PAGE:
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BERLIN (Reuters) - The German economy continued its strong recovery in July with IHS Markit's flash composite Purchasing Managers' Index (PMI) hitting its highest level in nearly a quarter of a century, creating inflationary bottlenecks.
That was fueled by strong demand, partly resulting from an easing of virus containment measures in Europe's largest economy. Firms, facing capacity constraints, took on staff at an unprecedented rate, Markit said.
The flash composite PMI clocked a reading of 62.5 from 60.1 in June.
Rising input costs and output charges were feeding strong inflation, even though the actual rate of price increases was down slightly from May's record level.
Activity in the service sector was expanding very strongly, with the services index standing at 62.2, up from 57.5, its highest level since 1997. Manufacturing growth was also robust, with the index standing at 65.6, although this was only a three-month high.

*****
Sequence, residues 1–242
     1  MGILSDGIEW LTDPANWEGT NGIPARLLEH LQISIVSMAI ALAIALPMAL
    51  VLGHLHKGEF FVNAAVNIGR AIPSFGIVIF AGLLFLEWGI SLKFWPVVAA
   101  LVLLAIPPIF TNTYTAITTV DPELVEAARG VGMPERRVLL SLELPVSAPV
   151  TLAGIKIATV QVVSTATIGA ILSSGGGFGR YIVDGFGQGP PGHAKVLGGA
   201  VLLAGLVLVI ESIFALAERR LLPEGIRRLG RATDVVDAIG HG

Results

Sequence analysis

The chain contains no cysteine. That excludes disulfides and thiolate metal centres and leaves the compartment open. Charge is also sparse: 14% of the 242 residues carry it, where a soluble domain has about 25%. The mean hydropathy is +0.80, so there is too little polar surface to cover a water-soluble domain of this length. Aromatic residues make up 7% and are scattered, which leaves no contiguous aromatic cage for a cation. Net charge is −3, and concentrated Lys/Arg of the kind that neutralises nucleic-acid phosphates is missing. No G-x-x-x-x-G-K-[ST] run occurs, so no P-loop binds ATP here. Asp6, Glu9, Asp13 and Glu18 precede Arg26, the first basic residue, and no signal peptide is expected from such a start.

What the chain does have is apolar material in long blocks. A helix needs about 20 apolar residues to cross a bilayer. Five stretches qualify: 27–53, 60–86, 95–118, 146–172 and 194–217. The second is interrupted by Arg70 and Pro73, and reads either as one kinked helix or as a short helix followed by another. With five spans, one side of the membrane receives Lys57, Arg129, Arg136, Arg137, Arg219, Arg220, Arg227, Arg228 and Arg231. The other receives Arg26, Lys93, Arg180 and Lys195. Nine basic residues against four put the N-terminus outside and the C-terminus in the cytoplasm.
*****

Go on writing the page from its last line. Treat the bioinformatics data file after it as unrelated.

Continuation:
"Germany's private sector economy remains in the fast lane to recovery," wrote IHS Markit Associate Director Phil Smith.
He added: "Across the manufacturing sector, the picture on the demand side remains highly positive, but July's survey suggests that output has fallen further behind new orders as supply shortages continue to constrain production growth."
(Reporting by Thomas Escritt; Editing by Toby Chopra)